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Chapter 6 Application and Web Security

Introduction

As we have explored in earlier chapters, security applies to all the components of the systems including physical infrastructure like building, electricity, cables, and so on; hardware; network; software; tools / utilities; human beings including resources internal to the organization and contractors / suppliers who may be working from within

the organization or outside the organization. Any part of the entire chain of components can be ignored from security perspective only at the peril of an organization.

Infrastructure is protected through physical security including fences. Hardware is protected through logical access control systems which are smart card based or biometric based or similar mechanisms or by physically securing the system, such as laptops locked to the desk through a locking cable. Physical infrastructure and hardware are relatively easy to secure (even though they have their own challenges like securing laptops during travel etc.).

However, ensuring security of the software (including operating system, applications, tools / utilities) and networks are most difficult because of various possibilities as to what can go wrong. Some of the typical vulnerabilities they are exposed to are: misconfiguration, not validated inputs, defects / errors in coding, man in the middle attacks, man in the browser attacks, session hijacking, weak encryption keys, weak / default passwords, weak authentication mechanisms, SQL Injection, and Buffer Overflows.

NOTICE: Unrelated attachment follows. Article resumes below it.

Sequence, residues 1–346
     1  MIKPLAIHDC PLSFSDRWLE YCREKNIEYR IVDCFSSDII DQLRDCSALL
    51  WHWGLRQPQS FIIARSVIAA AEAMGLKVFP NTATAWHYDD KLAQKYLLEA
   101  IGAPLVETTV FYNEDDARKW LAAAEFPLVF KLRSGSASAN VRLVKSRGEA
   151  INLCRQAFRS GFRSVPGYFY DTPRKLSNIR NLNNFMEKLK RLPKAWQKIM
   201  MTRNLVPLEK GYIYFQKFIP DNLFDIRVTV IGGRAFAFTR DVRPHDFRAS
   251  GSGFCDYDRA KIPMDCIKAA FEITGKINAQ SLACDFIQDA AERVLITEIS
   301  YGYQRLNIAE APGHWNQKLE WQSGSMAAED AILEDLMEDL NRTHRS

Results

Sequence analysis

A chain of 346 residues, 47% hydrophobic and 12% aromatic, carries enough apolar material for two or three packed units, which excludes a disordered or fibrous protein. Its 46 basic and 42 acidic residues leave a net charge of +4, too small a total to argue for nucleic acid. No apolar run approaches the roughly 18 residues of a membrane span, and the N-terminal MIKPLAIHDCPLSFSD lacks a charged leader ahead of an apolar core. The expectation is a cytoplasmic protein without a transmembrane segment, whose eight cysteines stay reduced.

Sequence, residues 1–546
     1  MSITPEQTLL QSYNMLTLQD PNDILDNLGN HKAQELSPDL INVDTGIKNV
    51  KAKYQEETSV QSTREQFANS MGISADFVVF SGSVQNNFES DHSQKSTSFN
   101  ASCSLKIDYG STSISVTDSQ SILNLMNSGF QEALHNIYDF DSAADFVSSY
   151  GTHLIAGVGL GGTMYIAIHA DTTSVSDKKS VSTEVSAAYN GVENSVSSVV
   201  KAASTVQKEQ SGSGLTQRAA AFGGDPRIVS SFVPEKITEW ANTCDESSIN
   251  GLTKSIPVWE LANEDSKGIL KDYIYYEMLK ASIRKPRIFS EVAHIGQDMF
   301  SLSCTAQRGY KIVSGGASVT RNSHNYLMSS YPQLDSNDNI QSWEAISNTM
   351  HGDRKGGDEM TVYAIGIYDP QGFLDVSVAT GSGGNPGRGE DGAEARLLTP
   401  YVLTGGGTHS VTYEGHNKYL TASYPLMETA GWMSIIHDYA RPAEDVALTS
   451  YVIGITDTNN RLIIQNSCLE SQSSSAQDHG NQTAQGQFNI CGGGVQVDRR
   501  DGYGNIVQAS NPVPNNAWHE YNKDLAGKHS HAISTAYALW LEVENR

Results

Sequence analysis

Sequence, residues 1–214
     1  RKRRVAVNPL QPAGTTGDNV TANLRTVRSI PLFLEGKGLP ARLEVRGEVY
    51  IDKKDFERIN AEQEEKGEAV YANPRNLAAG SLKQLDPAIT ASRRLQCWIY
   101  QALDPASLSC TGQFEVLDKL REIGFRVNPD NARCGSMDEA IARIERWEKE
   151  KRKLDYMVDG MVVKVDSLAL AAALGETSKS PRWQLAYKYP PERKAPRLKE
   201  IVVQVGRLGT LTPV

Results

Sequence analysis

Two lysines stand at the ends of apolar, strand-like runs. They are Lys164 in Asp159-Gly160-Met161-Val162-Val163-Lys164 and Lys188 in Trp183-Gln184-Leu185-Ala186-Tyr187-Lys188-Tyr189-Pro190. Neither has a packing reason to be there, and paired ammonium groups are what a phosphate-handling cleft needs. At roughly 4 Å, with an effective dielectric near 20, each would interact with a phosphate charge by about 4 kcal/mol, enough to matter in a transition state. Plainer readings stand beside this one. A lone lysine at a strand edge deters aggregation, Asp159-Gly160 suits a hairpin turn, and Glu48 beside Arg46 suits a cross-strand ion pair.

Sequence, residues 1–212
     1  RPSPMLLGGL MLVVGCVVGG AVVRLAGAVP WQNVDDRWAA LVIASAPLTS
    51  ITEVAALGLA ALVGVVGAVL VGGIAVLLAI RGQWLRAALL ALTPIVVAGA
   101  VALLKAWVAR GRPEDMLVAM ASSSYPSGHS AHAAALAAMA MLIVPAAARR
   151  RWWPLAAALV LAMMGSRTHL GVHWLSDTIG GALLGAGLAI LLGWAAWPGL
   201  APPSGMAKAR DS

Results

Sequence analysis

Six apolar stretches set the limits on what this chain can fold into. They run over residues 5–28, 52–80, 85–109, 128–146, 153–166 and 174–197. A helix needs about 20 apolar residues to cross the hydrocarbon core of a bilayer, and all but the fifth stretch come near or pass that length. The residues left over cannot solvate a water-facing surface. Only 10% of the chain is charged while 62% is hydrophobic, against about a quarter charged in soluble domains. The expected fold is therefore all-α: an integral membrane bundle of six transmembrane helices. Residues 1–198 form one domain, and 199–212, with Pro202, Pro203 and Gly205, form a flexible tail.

Increased usage of software and web based applications over the internet has increased the exposure of these various kinds of attacks. Hence, securing them effectively should be the focus of all the designers and developers of such systems. People may believe in “If something has to go wrong it will go wrong.” It may be so. But because something can go wrong not acting on the possible issues is akin to a king inviting the enemy with a red carpet without even fighting the battle, which can only cost the king dearly. However, if we look at the history and data from the history, it is very clear that we are far behind in the race of attacks on software applications and web

applications. We are yet to wake up and catch up with the best practices on application development and infrastructure set up, so that we have a fairly good chance of winning the race or at least giving the best possible fight.

 
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